Research on Trends in Extreme Weather Events and their Effects on Grapevine in Romanian Viticulture

Georgeta Mihaela Bucur, Anca Cristina Babes


The aim of this work was to investigate the frequency and intensity of extreme weather events in various centers from Romania’s viticultural regions: winter frost, extreme temperatures during the growing season and summer droughts. Winter frost damaging the vine is a significant risk to grape production, mainly in the plains and lowlands to the foothills. The frequency of winter frost damaging the vine has increased during the last decades, in the context of climate change. Also, there has been found a significant increase in the number of hot days (Tmax > 30°C) and very hot days (Tmax > 35°C). The evolution of these extreme events was followed in Craiova, Constanta, Bucharest, Timisoara, Cluj-Napoca, Oradea and Iasi, between 1977 and 2015. The long term study (18 years) conducted in the experimental plantation of the University of Agronomic Sciences and Veterinary Medicine Bucharest revealed their influence on vine. During the last two decades, there has been registered a trend of increasing the frequency and intensity of winter frost, damaging vine (Tmin < -20°C), heat waves (number of days with Tmax > 30°C and > 35°C) and droughts that adversely affect viticulture, production and quality of grapes and wine. The highest warming trends were observed for northern viticultural regions (Transylvania and Moldavia) and for the seaside. Although the intensification of heat waves increases sugar accumulation in the berries, they trigger a significant reduction in grape production and in titrable acidity, requiring corrections and resulting in unbalanced wines. Meanwhile, droughts trigger production decrease. To avoid negative effects on vine, it is necessary to take measures, both on a short, medium and long term.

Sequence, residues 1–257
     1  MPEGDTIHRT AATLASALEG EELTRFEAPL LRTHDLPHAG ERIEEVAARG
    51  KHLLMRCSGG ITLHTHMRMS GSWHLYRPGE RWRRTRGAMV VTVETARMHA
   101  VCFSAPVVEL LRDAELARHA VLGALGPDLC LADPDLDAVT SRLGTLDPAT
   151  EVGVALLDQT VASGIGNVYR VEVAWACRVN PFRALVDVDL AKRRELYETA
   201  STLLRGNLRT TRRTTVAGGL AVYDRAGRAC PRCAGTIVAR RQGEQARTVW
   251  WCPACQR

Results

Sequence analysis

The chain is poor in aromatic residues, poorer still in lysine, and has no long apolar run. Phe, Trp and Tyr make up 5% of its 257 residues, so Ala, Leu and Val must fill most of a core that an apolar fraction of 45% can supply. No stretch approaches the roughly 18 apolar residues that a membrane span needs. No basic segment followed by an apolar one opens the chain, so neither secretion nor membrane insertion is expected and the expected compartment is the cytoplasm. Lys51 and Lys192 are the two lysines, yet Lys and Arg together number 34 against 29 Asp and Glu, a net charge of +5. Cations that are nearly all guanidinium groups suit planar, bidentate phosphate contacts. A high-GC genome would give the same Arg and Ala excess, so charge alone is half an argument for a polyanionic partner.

climate changes, extreme events, grapevine

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